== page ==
Wednesday, April 27, 2016

just think...all of this for a dime: The Ghost of Hurricane Hills, by Mary E. Bryan


 The Ghost of Hurricane Hills is yet another book in what started out as my plan to read American literature written since the 18th century.  I figured I'd be reading the greats, but I'm having way more fun following the less-traveled path of little-known, more obscure novels.  Author Mary E. Bryan (1838-1913) evidently killed it as a writer of dime novels; clicking here leads to a list of her work. I don't have the later, softcover edition pictured; mine is a 1933 leather-bound pebbled cover from Economy Book League of Cleveland. 

Just a note about dime novels:  according to this page at the University of South Florida's Special Collections website, 
"From the mid 19th to the early 20th century, the fiction genres known as dime novels, penny dreadfuls, and story papers flourished in England and America. The increasing mechanization of the printing process, more efficient distribution methods, and a rising literacy rate all contributed to this publishing phenomenon. Printed on the cheapest of paper, with lurid cover illustrations, dime novels (which found a name in their ten cent price tag) and story papers were considered ephemeral, to be read, often in secret, passed on to friends, or discarded. These delightful items, ancestors of the ubiquitous mass-market paperbacks of today, reveal the reading tastes of a population often neglected in historical studies.... Dime novels and story papers targeted a youthful working class audience with their thrilling, stereotyped tales of Wild West adventures, master criminals, detective stories, historical romances, and working girls and boys in which virtue was rewarded and preserved."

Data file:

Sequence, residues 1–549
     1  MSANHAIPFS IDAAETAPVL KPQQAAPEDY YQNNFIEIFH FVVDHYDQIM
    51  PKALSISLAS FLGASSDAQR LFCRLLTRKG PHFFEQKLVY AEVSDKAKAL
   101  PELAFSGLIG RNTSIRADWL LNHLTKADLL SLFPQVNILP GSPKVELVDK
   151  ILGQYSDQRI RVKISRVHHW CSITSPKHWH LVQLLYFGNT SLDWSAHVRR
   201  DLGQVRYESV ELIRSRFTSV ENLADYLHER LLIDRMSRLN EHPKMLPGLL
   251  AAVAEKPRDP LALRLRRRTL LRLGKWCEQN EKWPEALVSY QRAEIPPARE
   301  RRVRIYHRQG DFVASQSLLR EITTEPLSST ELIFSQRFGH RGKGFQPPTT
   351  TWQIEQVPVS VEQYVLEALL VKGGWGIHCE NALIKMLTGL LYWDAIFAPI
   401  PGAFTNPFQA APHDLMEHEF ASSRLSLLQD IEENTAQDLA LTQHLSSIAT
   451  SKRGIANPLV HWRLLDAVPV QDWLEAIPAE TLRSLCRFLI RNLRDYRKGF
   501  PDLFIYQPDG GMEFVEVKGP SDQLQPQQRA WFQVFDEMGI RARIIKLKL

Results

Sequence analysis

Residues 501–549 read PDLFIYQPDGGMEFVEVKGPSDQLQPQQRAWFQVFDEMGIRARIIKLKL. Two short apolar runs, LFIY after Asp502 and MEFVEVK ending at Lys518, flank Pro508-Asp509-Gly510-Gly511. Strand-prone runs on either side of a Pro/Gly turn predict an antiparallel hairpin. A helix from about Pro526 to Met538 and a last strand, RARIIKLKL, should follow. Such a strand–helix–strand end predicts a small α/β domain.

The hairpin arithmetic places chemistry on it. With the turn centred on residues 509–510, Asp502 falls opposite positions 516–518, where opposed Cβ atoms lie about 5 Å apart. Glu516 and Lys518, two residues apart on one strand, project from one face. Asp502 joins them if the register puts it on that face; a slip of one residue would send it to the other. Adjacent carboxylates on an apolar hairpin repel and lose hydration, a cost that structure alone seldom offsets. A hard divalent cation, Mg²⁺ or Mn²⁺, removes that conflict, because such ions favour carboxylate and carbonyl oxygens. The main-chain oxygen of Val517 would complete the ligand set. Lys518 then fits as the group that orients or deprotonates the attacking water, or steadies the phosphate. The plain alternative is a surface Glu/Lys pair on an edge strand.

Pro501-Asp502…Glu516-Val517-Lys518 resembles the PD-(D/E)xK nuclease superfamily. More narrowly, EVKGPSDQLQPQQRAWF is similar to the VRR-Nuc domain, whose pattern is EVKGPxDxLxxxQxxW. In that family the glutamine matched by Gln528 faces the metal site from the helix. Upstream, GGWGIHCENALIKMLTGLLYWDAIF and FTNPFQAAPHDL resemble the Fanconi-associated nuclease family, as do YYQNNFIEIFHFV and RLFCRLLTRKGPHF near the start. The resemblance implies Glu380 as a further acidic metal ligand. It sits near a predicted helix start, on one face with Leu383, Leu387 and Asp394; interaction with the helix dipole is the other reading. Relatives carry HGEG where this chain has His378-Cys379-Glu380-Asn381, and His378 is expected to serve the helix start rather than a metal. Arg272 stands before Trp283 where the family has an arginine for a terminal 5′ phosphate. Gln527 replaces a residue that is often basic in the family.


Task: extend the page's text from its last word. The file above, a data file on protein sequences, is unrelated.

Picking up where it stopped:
I love finding these old books -- as the librarian at the USF page goes on to say, they were  "once the bane of the middle class," and they "were considered the corrupters of youth and stepping stones on the path to perdition."  My book even has a disclaimer in the front that it is "not recommended for children."  Funny how times have changed; reading them now it's often hard not to laugh at what was considered too mature for kids.  These books are also quite tame in comparison with what's out today; however, I love discovering new old books and the dime novel speaks to the  "reading tastes of an increasingly literate working-class audience," so I also get the benefit of immersing myself in what large numbers of people were reading at the time.  I get that not a lot of people likely share my enthusiasm about these old, forgotten and obscure novels,  but well, it is what it is. I love this stuff. 

Mary Edwards Bryan, from Wikipedia.